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NEW YORK (Billboard) - In between jet-setting around the globe with Brian Eno to write and record with U2, Daniel Lanois is still finding time to work on his own music.
A documentary about his recent experiences in the studio, "Here Is What Is," will have its U.S. premiere March 9 at the South by Southwest Film Festival, and Lanois will play a host of shows in the following days during the music portion of the Austin, Texas, conference. The artist also has launched his own digital download store at RedFloorRecords.com, offering a deluxe CD/DVD of "Here Is What Is," his solo albums and a wealth of unreleased material. Just before leaving for Dublin to finish U2's new album, Lanois spoke to Billboard about his myriad projects.
Q: Your "Omni Series" will offer six albums' worth of unreleased music online. What inspired the idea?
Daniel Lanois: "Well, we can be fast and furious. I can record something at midnight and have it available at breakfast, and the money is in PayPal by 5. 'Omni' will accommodate my spontaneous offerings. We're going to put out a steel guitar record in May or June. Then, there's 'Midnight,' which is spooky, late-night stuff; a little more psychedelic and whacked-out. Another one I really love -- about a year ago, I did the music for a Pixies documentary. That little body of work has a nice feeling to it. So I called up all the members of the Pixies and asked if they minded if I could put it out, and they said sure. Finally I have my corner store. I've been dreaming about it since I was a little kid."
Q: You're selling the music as high-quality WAV files. Is there an added cost to you to do this?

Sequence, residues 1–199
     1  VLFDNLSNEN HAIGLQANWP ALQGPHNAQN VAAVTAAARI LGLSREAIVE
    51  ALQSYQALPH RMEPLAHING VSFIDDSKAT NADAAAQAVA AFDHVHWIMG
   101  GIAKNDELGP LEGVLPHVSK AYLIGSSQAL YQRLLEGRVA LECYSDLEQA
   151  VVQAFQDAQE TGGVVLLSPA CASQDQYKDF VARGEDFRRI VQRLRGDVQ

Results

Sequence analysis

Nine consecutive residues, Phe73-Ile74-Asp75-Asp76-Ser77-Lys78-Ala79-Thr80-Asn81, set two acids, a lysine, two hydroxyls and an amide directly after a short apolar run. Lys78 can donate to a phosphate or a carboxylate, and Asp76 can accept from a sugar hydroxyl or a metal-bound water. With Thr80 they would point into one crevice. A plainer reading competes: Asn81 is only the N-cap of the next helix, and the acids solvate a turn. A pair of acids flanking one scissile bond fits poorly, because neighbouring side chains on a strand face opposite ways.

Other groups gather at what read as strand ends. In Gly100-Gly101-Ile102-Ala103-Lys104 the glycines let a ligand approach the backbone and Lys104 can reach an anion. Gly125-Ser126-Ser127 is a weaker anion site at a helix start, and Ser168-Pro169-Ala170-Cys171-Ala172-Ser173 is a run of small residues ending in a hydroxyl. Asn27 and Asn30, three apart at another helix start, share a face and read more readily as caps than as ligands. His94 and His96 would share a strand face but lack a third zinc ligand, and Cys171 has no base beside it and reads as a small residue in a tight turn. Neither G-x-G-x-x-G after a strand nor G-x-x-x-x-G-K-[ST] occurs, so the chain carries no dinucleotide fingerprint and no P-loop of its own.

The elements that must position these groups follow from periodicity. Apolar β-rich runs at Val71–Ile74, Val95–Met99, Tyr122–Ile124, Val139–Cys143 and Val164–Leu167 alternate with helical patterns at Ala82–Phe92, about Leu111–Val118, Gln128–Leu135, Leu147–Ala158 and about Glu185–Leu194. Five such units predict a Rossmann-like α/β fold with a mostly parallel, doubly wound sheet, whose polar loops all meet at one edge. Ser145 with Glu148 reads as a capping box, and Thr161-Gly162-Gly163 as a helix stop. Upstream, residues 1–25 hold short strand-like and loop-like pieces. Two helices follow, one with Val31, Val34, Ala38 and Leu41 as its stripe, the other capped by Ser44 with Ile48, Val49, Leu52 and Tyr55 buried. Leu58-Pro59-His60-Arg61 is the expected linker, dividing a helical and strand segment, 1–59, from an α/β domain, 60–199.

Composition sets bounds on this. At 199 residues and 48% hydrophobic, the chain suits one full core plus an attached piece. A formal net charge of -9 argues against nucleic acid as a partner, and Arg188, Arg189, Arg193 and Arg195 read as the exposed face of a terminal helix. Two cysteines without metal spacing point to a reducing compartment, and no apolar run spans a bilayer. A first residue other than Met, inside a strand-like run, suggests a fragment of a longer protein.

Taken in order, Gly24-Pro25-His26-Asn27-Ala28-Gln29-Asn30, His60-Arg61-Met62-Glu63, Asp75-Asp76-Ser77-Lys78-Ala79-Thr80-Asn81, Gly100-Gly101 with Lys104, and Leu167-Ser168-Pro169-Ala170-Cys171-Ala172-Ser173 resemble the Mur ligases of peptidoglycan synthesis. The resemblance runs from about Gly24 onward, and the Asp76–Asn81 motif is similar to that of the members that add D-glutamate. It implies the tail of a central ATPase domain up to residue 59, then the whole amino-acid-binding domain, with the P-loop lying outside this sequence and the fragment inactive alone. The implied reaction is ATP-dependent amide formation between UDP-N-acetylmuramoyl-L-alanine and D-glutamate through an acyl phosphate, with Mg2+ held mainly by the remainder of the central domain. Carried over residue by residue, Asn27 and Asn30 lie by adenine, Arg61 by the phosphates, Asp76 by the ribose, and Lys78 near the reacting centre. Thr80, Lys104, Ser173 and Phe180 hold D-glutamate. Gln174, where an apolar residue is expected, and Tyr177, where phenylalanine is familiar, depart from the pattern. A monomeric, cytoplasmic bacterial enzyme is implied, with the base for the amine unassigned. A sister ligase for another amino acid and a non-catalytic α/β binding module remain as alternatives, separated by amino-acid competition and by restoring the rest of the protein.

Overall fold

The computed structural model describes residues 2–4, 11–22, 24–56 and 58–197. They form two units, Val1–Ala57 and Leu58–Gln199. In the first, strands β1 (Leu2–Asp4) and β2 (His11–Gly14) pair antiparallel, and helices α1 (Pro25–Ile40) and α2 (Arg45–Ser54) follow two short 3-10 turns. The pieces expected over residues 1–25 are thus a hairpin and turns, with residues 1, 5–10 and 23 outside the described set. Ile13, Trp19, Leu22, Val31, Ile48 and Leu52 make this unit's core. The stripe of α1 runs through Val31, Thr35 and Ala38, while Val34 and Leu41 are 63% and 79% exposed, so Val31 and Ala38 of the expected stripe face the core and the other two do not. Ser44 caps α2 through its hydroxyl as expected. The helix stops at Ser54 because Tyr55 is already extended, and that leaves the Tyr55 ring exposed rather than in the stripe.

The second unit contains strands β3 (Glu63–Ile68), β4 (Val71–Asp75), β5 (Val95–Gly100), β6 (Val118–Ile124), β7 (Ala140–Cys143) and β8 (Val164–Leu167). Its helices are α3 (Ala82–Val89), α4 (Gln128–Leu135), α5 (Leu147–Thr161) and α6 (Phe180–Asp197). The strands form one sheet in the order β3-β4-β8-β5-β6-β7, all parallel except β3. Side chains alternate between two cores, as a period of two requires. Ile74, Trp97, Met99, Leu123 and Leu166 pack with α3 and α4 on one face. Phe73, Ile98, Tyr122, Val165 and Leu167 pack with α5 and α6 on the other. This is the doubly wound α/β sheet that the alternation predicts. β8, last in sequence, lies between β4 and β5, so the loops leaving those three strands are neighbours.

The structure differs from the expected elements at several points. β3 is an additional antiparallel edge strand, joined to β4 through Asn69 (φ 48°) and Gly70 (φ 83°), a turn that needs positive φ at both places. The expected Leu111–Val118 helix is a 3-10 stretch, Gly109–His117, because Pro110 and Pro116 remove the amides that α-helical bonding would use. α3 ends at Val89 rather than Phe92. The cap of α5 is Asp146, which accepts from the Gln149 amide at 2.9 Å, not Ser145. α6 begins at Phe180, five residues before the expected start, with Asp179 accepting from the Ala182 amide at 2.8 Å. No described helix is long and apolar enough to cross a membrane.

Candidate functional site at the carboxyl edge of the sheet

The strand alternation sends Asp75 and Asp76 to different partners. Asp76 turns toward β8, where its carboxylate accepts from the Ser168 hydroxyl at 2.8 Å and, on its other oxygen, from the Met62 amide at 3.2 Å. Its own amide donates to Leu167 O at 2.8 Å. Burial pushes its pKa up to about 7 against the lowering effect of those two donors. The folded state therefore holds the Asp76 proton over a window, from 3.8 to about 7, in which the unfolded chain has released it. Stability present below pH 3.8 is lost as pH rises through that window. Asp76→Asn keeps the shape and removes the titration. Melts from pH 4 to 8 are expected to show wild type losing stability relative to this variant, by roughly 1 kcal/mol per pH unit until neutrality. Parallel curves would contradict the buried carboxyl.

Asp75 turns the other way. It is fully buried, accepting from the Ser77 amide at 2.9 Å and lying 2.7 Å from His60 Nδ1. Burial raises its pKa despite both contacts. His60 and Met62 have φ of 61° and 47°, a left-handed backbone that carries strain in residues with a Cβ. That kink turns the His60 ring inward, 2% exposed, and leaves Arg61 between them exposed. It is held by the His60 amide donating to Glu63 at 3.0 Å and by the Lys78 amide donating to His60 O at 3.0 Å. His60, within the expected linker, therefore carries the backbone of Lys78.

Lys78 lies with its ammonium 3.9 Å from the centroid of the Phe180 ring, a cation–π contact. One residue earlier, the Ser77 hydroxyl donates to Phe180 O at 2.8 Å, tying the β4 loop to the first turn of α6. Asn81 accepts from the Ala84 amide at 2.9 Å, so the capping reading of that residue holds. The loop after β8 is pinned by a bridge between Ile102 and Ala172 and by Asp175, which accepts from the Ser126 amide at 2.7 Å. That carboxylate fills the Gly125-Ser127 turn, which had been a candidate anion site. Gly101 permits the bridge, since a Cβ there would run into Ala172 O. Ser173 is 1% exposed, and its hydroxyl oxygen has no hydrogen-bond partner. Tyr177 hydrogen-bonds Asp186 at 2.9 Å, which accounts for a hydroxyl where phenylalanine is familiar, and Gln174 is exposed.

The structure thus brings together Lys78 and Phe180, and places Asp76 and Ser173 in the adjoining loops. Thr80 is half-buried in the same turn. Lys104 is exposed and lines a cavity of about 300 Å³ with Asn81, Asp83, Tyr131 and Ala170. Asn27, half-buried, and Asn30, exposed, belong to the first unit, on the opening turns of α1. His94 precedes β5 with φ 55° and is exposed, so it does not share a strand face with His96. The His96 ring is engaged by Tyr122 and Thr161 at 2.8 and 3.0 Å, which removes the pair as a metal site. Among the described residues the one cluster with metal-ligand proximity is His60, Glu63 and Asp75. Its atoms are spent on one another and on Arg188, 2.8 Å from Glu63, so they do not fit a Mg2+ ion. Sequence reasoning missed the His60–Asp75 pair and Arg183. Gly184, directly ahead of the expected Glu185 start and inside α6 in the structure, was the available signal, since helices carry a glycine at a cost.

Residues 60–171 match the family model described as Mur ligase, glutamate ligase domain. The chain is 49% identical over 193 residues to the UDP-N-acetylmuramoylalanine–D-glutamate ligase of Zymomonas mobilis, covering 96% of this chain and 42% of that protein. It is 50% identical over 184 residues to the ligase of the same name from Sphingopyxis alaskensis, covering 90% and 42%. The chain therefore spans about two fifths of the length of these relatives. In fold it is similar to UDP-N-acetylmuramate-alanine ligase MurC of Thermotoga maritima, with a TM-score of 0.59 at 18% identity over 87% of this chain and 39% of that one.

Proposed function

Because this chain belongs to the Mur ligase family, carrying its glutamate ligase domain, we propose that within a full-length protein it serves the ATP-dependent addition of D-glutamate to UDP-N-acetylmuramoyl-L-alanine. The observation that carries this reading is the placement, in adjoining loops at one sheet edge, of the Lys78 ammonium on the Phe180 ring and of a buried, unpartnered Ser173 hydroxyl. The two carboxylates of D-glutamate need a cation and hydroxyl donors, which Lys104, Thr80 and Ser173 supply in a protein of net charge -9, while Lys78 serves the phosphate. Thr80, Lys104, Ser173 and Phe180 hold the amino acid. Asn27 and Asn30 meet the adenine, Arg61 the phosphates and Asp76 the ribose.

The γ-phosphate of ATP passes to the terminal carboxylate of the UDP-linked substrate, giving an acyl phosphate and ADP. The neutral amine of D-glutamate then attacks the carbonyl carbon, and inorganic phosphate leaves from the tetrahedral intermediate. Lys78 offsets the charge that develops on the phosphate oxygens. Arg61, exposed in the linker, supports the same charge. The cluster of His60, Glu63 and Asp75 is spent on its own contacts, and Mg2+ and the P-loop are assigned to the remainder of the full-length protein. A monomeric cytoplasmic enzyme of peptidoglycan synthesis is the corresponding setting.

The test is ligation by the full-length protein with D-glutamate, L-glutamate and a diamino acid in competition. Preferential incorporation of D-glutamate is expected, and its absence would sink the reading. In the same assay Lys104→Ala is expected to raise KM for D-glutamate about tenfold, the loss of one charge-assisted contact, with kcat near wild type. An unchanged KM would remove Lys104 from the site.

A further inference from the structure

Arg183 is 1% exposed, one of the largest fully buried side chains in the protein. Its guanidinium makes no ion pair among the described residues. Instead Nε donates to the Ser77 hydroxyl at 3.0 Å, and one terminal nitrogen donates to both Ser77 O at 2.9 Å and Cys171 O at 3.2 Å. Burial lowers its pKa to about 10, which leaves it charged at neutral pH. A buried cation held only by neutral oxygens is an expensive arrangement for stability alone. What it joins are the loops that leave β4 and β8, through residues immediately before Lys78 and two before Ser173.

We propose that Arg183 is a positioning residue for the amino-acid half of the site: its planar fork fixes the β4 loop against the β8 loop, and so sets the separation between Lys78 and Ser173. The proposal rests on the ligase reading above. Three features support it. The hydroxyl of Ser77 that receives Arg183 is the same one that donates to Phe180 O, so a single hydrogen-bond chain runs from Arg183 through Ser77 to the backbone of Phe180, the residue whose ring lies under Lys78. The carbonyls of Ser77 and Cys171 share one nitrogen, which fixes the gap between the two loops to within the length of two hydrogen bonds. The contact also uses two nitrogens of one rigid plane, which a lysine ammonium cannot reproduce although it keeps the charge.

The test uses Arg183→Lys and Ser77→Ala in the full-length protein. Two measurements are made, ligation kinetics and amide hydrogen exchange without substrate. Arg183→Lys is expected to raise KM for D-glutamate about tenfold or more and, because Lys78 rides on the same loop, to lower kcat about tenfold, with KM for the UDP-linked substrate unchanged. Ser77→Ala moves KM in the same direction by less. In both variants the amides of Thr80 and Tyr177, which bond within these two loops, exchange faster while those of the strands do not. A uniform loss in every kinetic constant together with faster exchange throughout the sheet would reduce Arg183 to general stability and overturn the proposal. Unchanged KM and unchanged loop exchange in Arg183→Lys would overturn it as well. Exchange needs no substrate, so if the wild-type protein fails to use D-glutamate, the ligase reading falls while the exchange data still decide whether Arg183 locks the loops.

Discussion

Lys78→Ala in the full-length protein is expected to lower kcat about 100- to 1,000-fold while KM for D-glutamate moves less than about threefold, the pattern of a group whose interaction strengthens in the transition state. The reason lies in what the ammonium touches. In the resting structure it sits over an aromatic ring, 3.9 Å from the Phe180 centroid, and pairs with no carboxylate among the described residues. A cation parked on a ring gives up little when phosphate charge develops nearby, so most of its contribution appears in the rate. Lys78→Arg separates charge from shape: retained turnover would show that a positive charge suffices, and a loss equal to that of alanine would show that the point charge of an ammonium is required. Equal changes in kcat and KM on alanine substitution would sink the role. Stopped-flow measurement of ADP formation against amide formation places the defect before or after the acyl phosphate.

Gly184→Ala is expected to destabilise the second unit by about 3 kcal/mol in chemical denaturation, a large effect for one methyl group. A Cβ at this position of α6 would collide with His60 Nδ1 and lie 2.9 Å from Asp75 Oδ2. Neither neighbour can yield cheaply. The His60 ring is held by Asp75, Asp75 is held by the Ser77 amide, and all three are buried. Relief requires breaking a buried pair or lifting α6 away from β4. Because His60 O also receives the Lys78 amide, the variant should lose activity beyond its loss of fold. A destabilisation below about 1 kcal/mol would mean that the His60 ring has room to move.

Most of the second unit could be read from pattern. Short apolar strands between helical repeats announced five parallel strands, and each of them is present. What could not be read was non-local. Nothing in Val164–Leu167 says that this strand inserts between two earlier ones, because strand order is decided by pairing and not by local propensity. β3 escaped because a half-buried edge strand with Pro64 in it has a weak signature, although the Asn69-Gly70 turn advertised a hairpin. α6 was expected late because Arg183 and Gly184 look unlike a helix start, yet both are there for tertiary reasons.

Lanois: "No, we offer full fidelity for the same price. We're proud of that. We dedicate ourselves to quality. Part of the deterrent is the receiving end -- you need a high-grade Internet hookup. If you're in the boonies, it might be confusing. And it takes longer to download. It's not as quick and easy -- not quite the TV dinner."
Q: You were able to regain the digital rights to your solo albums. Any advice for acts trying to accomplish that?
Lanois: "If somebody wants to own your master, that's fine, but not for more than four years. That way, everybody has their party and everybody makes their money. I don't think it's necessary for artists to give up master rights forever, because then you become a catalog feather in the cap for a company that just wants to sell its content. It's unfair. I don't think record companies should automatically own your masters for good simply because they've helped you with a campaign. Those days are gone."
Q: Will you be playing any shows in support of "Here Is What Is?"
Lanois: "Our L.A. premiere will be at the Vista (Theatre) on March 27, and Brian Blade and I will play a half-hour set afterward. I don't know that I'll have the time to tour the world this way, but we'll certainly give it a try here in Silver Lake (a section of Los Angeles)."
Q: Besides U2, have you found time for other producing?
Lanois: "I've been avoiding it, but I've been helping out (alternative rock artist) Rocco DeLuca. He's just around the corner. We're coming out with one track a night, so there's practically an entire album done. He has a beautiful falsetto. It's strikingly pure. I've just never heard anything like it."
Q: U2 -- we'd be remiss if we didn't ask how it was going.
Lanois: "We're going to try and break new sonic ground and deliver a masterpiece. The sleeves are rolled up. Bono is all charged up with a lyrical angle. There's so much material. When you get Eno and I and those guys in the room, before lunch there's like eight things. We've had some exciting beginnings via jam sessions. Now we will pick our favorite beginnings and say, 'OK, that's a lovely springboard. Now what are we trying to say?' The springboards are sometimes melodic, sometimes riff-based, but I can assure you they are exciting."